Green was tried in civilian court because he had already been discharged before the War Crimes were discovered.  Following the gang-rape and murders, US soldiers attempted to set fire to Abeer's body to destroy the evidence and attempted to blame the crimes on "insurgents."  In real time, when the bodies were discovered, the New York Times was among the outlets that ran with "insurgents."  Green didn't decide he wanted to be in the military on his own.  It was only after his most recent arrest -- after a long string of juvenile arrests -- while sitting in jail and fearing what sentence he would face, that Green decided the US Army was just the place he wanted to be.  Had he been imprisoned instead or had the US military followed rules and guidelines, Green wouldn't have gotten in on a waiver.  Somehow his history was supposed to translate into "He's the victim!!!!"  As if he (and the others) didn't know rape was a crime, as if he (and the others) didn't know that murder was considered wrong.  Green attempted to climb up on the cross again today.  AP's Brett Barrouguere quotes the 'victim' Green insisting at today's hearing, "You can act like I'm a sociopath.  You can act like I'm a sex offender or whatever.  If I had not joined the Army, if I had not gone to Iraq, I would not have got caught up in anything."  Climb down the cross, drama queen.  Your entire life was about leading up to a moment like that.  You are a sociopath.  You stalked a 14-year-old Iraqi girl while you were stationed at a checkpoint in her neighborhood.  You made her uncomfortable and nervous, you stroked her face.  She ran to her parents who made arrangements for her to go live with others just to get her away from you, the man the army put there to protect her and the rest of the neighborhood.  You are one sick f**k and you deserve what you got.  Green play drama queen and insist "you can act like I'm a sex offender" -- he took part in and organized a gang-rape of a 14-year-old girl.  That's a sex offender.  In fact, "sex offender" is a mild term for what Green is.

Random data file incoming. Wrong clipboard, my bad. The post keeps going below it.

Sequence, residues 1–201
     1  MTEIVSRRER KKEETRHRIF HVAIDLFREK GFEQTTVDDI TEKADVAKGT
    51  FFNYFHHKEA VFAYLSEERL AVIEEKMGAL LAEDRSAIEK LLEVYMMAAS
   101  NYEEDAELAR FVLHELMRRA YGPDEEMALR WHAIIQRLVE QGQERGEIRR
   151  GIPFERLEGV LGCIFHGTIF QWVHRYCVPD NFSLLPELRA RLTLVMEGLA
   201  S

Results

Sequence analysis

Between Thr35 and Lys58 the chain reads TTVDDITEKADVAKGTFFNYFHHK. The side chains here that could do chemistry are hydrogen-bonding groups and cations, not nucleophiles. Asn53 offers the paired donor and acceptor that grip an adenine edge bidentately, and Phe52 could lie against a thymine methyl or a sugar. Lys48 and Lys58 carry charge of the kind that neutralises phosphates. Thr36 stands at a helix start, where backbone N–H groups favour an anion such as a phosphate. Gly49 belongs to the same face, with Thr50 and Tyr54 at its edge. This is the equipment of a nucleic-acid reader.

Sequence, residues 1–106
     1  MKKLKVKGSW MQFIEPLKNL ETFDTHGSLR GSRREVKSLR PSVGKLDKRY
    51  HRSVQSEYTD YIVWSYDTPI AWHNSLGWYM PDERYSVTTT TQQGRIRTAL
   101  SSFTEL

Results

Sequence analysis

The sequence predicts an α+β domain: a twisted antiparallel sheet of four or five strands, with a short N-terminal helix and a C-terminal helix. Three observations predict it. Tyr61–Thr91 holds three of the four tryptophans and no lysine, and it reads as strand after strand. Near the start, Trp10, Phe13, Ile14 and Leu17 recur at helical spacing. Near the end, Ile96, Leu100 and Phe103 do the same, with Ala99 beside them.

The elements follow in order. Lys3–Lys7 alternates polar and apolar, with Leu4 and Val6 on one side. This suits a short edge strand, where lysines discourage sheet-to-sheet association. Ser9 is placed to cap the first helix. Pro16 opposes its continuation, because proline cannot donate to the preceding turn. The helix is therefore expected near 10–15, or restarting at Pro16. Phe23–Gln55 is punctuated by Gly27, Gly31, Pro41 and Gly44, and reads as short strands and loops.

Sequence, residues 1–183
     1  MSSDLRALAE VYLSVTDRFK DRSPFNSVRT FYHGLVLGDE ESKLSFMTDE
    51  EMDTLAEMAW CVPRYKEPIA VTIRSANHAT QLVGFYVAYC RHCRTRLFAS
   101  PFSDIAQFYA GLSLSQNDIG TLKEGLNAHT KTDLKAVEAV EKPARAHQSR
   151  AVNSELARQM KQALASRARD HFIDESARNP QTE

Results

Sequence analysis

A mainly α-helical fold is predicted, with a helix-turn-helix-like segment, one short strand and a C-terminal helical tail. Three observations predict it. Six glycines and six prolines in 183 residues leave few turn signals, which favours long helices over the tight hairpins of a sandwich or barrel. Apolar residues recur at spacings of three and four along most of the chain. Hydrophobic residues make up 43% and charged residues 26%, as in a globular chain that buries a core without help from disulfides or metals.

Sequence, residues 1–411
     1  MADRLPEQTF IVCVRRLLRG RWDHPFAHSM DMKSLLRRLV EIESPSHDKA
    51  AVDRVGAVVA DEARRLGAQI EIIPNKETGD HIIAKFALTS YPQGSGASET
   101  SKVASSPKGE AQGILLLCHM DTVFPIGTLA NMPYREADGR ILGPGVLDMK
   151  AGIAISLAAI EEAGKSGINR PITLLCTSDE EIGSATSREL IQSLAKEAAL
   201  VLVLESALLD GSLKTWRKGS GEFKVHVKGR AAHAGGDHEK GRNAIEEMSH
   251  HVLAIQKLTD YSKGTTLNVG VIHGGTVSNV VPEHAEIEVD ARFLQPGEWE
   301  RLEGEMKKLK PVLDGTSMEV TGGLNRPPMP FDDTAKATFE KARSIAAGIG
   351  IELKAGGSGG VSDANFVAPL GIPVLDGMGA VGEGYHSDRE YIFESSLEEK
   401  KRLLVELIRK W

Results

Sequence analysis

Steven D. Green made the decision to sign up for the US military.  He was facing criminal punishment for his latest crimes, but he made the decision.  Once in the military, despite his long history of arrests, he didn't see it as a chance to get a fresh start.  He saw it as a passport for even more crimes.  What he did was disgusting and vile and it is War Crimes and by doing that he disgraced himself and the US military.  His refusal to take accountability today just demonstrates the realities all along which was Green did what he wanted and Green has no remorse.  He sullied the name of the US military, he sullied the name of the US.  As a member of the army, it was his job to follow the rules and the laws and he didn't do so.  And, as a result, a retaliation kidnapping of US soldiers took place in the spring of 2006 and those soldiers were strung up and gutted.  That should weigh heavily on Steven D. Green but there's no appearance that he's ever thought of anyone but himself.  He wants to act as if the problem was the US military which requires that you then argue that anyone serving in Iraq could have and would have done what he did.  That is not reality.  He does not represent the average soldier and he needs to step down from the cross already.